> wholly unexplored, and this is one of them.
> Trotsky remarks in "Literature and Revolution" (a book that we now
> know had a big influence on Vygotsky) that art is man's expression of
> longing for all the things of which class society deprives us: a sense
> of harmony, a pride in creativity, a sensitivity to nuance, a feeling
> of empathy, and above all a sound foundation for hope in an apparently
> hopeless historical situation. The problem is that in this apparently
> hopeless historical situation when we express these things, their
> expression becomes a substitute for them, a purely abstract
> realization of them confined to precisely those of us who need them
> least, namely artists and scientists.
> Vygotsky's psychological theory, at least as I understand it, depends
> crucially on understanding the inadequacy of both heredity and the
> environment in solving the tasks of social development. Most of the
> twentieth century was wasted on the intuitively appealing but terribly
> wrong idea that since heredity is necessary but not sufficient to
> explain development and the environment is necessary but not
> sufficient to explain development if we somehow put them together we
> will get something that is both necessary and sufficient. That's
> exactly the kind of hope that is hard to resist, but retrospectively a
> complete non sequitur.
> Of course, as the material in the lchc archives (I am thinking of the
> wonderful work by people like Saxe and Hutchins) attests, culture
> gives the child legions of allies and a rich patrimony to solve the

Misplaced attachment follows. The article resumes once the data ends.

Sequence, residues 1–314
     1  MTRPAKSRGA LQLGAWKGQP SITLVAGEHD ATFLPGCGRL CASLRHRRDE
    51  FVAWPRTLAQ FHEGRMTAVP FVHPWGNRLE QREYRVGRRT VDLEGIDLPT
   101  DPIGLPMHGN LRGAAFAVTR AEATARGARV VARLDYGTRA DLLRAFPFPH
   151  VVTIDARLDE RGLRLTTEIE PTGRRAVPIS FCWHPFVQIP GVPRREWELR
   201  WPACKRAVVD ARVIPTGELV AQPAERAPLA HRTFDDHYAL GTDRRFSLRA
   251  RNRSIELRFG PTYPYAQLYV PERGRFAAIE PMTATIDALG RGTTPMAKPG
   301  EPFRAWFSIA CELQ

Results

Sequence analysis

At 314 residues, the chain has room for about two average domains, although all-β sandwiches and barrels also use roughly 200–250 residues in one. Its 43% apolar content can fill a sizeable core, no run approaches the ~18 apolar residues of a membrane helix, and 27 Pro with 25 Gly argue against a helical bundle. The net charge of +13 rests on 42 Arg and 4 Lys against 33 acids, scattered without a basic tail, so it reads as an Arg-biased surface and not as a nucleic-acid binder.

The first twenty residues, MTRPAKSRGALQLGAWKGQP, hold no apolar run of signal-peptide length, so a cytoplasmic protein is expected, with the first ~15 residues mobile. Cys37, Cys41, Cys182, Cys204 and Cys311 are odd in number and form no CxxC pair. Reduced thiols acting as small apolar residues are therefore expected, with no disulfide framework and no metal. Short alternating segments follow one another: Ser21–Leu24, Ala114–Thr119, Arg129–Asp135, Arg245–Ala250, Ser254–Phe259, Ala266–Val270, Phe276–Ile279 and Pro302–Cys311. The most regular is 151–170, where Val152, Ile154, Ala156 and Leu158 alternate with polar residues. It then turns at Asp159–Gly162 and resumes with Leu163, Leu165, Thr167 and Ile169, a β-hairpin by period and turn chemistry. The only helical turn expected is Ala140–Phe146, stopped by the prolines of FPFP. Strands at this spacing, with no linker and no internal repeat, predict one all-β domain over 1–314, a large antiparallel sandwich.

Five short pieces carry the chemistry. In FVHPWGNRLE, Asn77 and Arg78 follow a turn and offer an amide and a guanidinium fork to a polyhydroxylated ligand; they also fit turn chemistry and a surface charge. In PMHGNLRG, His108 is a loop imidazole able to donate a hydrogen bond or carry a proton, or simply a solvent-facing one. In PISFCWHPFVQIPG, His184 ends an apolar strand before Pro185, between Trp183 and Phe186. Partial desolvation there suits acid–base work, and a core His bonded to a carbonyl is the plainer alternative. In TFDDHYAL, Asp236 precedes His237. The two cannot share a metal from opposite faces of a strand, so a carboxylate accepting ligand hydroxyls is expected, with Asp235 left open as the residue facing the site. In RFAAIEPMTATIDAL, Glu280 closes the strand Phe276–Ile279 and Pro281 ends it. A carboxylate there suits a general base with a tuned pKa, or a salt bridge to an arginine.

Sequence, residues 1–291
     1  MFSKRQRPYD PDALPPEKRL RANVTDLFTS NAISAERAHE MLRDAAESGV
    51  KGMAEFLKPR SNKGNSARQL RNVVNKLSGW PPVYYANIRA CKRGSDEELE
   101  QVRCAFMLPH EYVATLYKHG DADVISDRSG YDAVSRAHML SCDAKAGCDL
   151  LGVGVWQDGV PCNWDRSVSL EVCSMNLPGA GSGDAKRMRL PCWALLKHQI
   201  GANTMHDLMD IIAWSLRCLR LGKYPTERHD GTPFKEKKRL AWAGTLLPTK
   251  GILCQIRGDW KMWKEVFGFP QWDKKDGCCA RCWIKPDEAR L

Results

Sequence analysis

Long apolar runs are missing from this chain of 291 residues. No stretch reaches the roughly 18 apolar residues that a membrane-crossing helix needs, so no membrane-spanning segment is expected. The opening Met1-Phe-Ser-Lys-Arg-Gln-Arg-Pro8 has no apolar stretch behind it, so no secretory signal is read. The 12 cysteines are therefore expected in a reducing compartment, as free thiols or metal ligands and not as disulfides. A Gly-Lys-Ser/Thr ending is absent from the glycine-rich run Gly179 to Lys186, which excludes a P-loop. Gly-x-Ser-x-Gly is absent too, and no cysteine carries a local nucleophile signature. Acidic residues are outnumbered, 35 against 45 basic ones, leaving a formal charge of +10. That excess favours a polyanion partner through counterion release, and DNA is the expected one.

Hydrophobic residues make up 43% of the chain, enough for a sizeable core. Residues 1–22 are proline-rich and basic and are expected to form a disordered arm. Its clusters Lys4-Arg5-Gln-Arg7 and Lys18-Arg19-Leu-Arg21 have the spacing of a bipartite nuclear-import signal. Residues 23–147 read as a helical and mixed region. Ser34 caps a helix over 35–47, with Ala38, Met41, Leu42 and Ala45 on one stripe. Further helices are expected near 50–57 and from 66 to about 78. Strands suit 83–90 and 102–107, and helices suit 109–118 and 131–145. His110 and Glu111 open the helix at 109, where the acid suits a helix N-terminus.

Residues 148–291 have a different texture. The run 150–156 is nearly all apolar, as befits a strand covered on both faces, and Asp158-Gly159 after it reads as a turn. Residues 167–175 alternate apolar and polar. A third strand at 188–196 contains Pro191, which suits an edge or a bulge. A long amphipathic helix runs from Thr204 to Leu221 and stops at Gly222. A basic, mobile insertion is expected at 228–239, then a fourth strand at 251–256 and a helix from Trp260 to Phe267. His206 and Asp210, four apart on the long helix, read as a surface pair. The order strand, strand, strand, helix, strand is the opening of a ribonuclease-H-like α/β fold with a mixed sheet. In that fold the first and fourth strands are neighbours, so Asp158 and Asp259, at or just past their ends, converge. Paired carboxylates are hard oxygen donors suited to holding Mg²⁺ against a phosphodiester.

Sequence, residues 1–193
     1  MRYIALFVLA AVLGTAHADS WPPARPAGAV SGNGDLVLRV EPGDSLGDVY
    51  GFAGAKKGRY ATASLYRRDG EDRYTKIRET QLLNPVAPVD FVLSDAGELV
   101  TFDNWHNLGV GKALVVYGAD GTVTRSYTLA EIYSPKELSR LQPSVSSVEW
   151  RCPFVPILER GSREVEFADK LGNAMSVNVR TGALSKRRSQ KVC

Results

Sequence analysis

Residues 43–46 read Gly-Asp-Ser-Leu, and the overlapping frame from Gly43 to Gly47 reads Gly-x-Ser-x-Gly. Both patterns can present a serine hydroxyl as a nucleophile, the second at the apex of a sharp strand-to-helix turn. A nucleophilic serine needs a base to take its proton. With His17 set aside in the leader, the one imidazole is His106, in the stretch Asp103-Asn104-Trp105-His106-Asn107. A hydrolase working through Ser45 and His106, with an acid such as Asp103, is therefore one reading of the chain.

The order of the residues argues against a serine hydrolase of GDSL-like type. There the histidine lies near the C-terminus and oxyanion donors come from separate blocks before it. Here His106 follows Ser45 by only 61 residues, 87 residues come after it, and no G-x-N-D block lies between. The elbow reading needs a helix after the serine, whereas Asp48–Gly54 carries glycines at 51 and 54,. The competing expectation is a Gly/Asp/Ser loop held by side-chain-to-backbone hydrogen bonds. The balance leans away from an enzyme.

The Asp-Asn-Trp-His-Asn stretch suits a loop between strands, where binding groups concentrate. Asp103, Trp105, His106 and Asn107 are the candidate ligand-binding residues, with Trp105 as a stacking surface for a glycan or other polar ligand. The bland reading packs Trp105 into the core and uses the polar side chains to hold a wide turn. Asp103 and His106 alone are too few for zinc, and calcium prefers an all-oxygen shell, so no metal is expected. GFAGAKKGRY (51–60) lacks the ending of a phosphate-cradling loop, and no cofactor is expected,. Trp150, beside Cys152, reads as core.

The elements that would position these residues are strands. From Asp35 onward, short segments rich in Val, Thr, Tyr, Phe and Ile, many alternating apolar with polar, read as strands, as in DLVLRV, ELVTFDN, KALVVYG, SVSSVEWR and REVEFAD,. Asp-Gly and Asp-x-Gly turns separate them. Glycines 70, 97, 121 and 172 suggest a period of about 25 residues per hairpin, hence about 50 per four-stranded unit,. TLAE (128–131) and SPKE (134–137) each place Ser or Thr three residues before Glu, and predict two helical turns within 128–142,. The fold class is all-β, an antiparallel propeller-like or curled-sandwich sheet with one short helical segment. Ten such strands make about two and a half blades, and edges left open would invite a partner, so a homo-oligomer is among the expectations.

> otherwise insuperable problem left by his biological and environmental
> endowment. But they also bring a whole new set of social and cultural
> conflicts, not all of which art has the power to resolve. For art to
> be more than a lightening rod, or a quack love elixir, for art to be
> able to do more than a poor (or rather a rich) substitute for the good
> life, artists will have to understand the inadequacy of art and even
> the inadequacy of individual emotion generally in the face of these
> new problems, these problems that inhere in the nature of society and
> culture itself. As Vygotsky says, art has to see itself as the
> socially derived technique of emotion rather than as a kind of
> individually derived social contagion.
> That's why, although I very much enjoyed hearing from Annalisa about
> her old professor and his lectures on models and modernisms (and I
> could add a few examples to his list), I think Annalisa's truest word
> of all is when she says that the best artist has to have a bit of a
> scientist in her, just as the best scientist has to be a bit of an
> artist. As Annalisa says, it's not so much a matter of being able to
> break down walls and build bridges between domains of knowledge,
> although replacing disciplinary walls with bridges is crucially
> important. It's a matter of being able to see and realize the very
> general in the individual (rather than vice-versa, which is the
> scientists' job). As Virginia Woolf said in her first movie reviews,
> if you want to see how little the eye can do without the brain (and
> how little the image accomplishes without the word), just go see the
> movie adaptation of your favorite novel,
> David Kellogg
> Hankuk University of Foreign Studies